Recently, land rights issues have been getting a lot of global attention. At the 2015 climate change conference in Paris, for example, indigenous peoples leaders and other activists have highlighted the importance of local land and resource rights to safeguard tropical forests on indigenous lands as an important element of global emission reduction efforts. And the United Nations’ (UN) new Sustainable Development Goals (SDGs), adopted in September, include two that focus on marine and terrestrial ecosystems, and three others—focused on ending poverty, achieving food security, and advancing women’s rights—that include land rights amongst their various targets.
This heightened awareness of land rights issues is heartening to observe, because as Columbia University economist Jeffrey Sachs noted in calling for a greater focus on land in the SDGs, “Land rights, both for individuals and for communities, are critical for achieving sustainable development.”
New collaborations and information tools have recently been launched, including a Global Call to Action on Indigenous and Community Land Rights, which aims to double the area of secure community lands worldwide by 2020, and LandMark, a mapping platform that aims to “protect community lands by making them visible.”
However, significant gaps remain in the fabric of funding and organizational support needed to help convert this growing awareness into more effective action and positive outcomes in the years ahead. We will need to address these gaps if we are to sustain the current momentum and opportunities.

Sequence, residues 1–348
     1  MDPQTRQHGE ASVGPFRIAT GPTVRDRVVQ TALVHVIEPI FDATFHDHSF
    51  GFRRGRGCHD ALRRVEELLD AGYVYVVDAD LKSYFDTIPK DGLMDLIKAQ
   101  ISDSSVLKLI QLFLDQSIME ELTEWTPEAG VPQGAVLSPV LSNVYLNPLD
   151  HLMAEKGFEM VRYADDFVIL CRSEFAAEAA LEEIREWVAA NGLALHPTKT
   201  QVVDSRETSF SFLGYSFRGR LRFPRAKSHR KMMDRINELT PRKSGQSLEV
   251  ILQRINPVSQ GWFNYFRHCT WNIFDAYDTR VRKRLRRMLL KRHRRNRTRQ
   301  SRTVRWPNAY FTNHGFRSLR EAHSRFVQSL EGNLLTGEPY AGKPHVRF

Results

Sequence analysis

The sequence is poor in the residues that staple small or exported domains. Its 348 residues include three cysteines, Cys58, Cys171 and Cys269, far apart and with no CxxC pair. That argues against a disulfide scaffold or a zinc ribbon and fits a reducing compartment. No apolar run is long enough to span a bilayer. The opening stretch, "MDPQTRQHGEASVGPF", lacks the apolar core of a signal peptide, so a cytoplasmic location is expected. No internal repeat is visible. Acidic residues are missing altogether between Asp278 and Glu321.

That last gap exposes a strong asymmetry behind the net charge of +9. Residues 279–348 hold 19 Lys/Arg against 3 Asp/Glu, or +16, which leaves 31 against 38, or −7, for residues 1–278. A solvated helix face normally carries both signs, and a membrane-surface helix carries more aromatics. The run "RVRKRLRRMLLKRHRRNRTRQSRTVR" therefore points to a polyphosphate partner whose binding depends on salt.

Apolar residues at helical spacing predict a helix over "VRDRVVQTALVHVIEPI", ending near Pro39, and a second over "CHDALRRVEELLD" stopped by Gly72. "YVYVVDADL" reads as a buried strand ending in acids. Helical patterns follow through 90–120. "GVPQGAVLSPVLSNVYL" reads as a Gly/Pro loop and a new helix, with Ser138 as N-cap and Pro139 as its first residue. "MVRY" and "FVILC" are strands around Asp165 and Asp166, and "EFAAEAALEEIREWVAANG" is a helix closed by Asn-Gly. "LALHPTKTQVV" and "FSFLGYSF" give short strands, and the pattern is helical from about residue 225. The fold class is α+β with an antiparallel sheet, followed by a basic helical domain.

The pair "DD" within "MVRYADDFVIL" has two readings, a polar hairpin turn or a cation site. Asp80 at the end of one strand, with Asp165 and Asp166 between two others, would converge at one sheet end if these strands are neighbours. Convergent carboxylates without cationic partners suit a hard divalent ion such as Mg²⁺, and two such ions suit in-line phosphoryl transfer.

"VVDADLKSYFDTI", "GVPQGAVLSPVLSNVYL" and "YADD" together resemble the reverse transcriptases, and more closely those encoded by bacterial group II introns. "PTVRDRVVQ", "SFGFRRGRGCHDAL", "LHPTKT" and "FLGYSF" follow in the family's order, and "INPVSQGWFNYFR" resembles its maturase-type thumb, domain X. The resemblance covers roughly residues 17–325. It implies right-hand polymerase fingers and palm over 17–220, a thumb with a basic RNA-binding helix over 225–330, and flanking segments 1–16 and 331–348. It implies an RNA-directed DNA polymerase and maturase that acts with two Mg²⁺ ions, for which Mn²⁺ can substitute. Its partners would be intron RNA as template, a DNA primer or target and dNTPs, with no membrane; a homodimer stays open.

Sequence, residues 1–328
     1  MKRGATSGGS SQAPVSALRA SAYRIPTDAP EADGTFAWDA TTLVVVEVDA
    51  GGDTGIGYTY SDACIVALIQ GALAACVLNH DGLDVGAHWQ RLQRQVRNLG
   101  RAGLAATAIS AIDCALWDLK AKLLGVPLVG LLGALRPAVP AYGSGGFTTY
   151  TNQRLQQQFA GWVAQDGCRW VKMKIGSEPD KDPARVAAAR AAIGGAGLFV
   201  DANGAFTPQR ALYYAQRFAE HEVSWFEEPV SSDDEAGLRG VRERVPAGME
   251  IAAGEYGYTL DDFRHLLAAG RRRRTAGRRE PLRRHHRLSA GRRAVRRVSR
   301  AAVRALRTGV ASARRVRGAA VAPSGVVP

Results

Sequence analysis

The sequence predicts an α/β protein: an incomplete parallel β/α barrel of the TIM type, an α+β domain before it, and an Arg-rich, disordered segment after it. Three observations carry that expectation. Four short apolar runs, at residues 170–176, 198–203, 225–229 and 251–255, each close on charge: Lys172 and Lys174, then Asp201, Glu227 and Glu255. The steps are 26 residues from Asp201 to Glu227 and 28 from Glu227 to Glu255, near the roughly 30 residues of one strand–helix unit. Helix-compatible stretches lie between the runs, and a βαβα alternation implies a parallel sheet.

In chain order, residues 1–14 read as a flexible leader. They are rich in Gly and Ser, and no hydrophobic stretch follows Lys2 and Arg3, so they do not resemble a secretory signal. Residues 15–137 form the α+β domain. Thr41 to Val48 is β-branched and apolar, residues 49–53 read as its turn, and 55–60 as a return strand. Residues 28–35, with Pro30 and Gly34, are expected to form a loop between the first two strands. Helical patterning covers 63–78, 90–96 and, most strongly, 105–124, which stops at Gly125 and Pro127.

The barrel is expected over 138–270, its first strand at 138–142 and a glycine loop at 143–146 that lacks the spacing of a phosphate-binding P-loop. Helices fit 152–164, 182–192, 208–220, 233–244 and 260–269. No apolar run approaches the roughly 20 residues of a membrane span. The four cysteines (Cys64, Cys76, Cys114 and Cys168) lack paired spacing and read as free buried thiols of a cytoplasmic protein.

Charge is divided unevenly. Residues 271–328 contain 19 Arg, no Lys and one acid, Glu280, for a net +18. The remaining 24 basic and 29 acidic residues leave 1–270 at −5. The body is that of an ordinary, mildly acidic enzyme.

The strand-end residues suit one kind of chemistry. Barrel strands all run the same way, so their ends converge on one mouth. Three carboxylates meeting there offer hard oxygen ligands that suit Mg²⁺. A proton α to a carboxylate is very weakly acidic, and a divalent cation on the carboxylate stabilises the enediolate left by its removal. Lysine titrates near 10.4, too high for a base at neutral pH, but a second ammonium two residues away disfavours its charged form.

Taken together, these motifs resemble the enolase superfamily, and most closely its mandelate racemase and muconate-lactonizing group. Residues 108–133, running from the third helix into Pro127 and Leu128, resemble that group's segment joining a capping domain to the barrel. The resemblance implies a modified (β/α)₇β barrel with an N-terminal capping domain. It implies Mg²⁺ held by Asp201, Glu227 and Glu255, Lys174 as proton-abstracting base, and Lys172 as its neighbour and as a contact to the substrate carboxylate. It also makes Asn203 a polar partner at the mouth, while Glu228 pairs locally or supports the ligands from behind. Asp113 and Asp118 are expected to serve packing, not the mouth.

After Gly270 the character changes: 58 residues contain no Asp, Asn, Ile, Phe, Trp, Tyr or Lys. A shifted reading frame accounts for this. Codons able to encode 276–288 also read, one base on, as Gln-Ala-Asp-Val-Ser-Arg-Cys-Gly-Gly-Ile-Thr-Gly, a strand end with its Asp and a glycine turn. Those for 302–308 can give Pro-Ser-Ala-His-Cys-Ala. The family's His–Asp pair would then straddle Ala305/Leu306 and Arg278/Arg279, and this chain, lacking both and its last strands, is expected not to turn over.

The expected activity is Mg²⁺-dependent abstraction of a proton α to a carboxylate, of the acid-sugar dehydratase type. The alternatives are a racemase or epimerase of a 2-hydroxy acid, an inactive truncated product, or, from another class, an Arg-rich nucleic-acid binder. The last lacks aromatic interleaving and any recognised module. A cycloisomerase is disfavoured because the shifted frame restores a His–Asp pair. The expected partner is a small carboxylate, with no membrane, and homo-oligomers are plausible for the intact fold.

The Growing Consensus
The growing consensus around the importance of land rights has taken shape over the past two decades. Scholars such as the Peruvian economist Hernando de Soto and Nobel Prize in Economics laureate Elinor Ostrom helped frame land and property rights as central to economic development and environmental conservation during the 1990s. Meanwhile, in the political realm, indigenous peoples movements, which prioritize territorial rights and tenure reform as central to their human rights and cultural survival, have grown in strength and influence, as demonstrated by the 2007 UN Declaration on the Rights of Indigenous Peoples.
Local networks and advocates have also scored critical wins in the policy and political realm. Among the most notable of these: a 2013 constitutional court decision in Indonesia, which could result in indigenous communities’ rights being recognized over at least 40 million hectares of forest. Similarly, Kenya’s 2010 constitutional reforms provide for the legal recognition of community lands across the country.
New types of global networks and organizations are increasingly engaged as well, both on the world stage and with local efforts. For example, Avaaz, the web-based social justice network, recently ran an influential campaign in support of Maasai pastoralist in northern Tanzania, enlisting more than two million supporters to help counter a government proposal that would have seized community territories.
The Rights and Resources Initiative provides another example. This global network, created roughly a decade ago, has been advancing land and forest rights issues by supporting local organizations in Africa, Asia, and Latin America, and carrying out research on land rights and forest governance. One of the Initiative’s recent outputs estimates that as much as 65 percent of the world’s forests, rangelands, and mountains are held by communities through customary tenure systems, yet only 18 percent of that land area is actually owned or formally controlled by local communities. This sort of evidence has helped propel land rights issues into the center of global policy debates around food security, climate change, and biodiversity conservation.